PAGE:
The only thing I have to say is this:

WHAT THE FUCK?


3 Comments

Empaths

Are you hoping for a better 2020 than 2019? I can’t prove it, but I feel like every January I say something similar. Last year was tough, here’s to hoping for a better new year.

I’ve heard it described that sympathy is feeling bad for someone’s pain. Empathy is feeling someone’s pain with them. One isn’t bad and one good, one isn’t healthy and the other unhealthy. They are just two things that are distinct but closely related.

I’m definitely an empath. That is probably the single most important thing that makes me an effective counselor. I call it being fully present. When you are in my office, you have my full attention and I am empathic. But if an empath doesn’t want to sink into the abyss, they have to also know how to detach when they exit the other’s presence.

Even when you can detach in a healthy way, there is still residue. I wouldn’t be human if there wasn’t. I am aware of the good things in life. I’m not oblivious to them and I’m grateful for the good things in my own life. But I’m also painfully aware of the crazy stuff too. Not only does it make me incredibly angry, but it also breaks my heart. There is so much suffering, and there is also so much injustice. Virtually every system in our country is broken. Some have minor issues, others are profoundly broken.

It is a privilege to witness suffering, an honor when someone lets you see. It also blows my mind sometimes. Sometimes I can’t even wrap my head around it.

For example, the legal system that claims to protect children, but repeatedly favors giving parents an endless amount of chances to get their kids back. I wonder if they have any idea the havoc it wreaks on the foster or biological families that pick up the broken children month after month, year after year. The case where the parent overdoses on drugs, sometimes in front of their child, sometimes not. They can repeatedly get arrested and have literally dozens of court cases in front of them and it doesn’t matter. The kids can show every sign of regression from seeing their parent and it doesn’t matter. How do you comfort that family?

The 17-year-old son who lost his mother to cancer and then his father takes his own life? I lost my father at age 51 and I was devastated. How do I even wrap around the thought of being completely parentless, facing the rest of my life trying to figure out how to be an adult without them at age 17?

The mom who finds herself riddled with alcoholism and in relationships with men who beat her. She keeps trying to break the pattern but finds herself back in it, even when she kicks the drinking.

A step-parent who spends decades helping his adult children become more responsible humans but all he gets in return is to be berated, ignored, accused, and have his grandchildren kept from him. How do you comfort him?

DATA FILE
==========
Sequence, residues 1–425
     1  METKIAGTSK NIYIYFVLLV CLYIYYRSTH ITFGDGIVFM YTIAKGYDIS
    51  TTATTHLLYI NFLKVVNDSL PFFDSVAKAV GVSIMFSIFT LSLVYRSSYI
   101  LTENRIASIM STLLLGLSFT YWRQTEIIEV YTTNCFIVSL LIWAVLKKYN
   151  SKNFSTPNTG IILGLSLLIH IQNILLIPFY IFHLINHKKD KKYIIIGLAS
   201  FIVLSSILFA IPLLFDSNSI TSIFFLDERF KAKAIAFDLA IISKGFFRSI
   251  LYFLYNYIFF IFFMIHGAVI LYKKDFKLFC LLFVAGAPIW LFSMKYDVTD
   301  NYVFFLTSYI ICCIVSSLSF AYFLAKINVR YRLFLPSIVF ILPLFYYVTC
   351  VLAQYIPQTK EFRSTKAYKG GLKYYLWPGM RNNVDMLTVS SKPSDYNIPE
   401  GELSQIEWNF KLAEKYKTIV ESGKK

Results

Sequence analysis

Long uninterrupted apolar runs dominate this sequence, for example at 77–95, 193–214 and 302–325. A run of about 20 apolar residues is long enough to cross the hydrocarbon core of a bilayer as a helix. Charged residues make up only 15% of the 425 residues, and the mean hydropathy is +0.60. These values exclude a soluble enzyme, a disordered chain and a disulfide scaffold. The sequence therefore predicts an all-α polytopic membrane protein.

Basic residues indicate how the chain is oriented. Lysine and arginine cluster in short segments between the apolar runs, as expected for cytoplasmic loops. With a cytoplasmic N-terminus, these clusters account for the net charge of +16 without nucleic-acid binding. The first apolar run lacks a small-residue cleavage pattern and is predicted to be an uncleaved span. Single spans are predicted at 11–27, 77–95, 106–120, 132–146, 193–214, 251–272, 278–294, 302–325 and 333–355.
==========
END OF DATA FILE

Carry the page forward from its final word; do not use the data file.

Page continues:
The family that loses their pregnant daughter in a tragic car accident?

The parent who has a child who tries to hang himself. Another child that douses himself with gasoline and lights himself on fire. The parent finds themselves crying repeatedly and can’t figure out why because these events happened years ago.

The stories go on and on. I want so badly to help. I want to make the kind of difference where patterns actually change. Where I can make systems do what they are supposed to do. Where I can make people behave the way they should.

But of course, I can’t. Not even close. So I stay present, try to detach. And every once in awhile I just have to scream out loud because the unfairness is so maddening I literally want to rip my hair out. (I would punch things but I’m a baby and don’t tolerate physical pain so well.)

I’m NOT talking about not holding people accountable for their choices. I’m NOT talking about creating a victim mentality. But please offer sympathy to others when you can. Please offer empathy when you can. And for God’s sake, pray for these people, and pray for those of us that are empaths on the front line. I wouldn’t trade it for the world but I need to keep my oxygen mask on.


Leave a comment

Untwisting the Knife

My daughter told me recently that someone in the family called her and hurt her deeply. They said that her father would be very disappointed in her. That alone is hurtful enough. Tim died nine years ago and the grief is still felt by all of us. Telling someone their parent is disappointed in them is painful. Telling someone that when their parent is deceased is more than painful. It is cruel. And it is cowardly.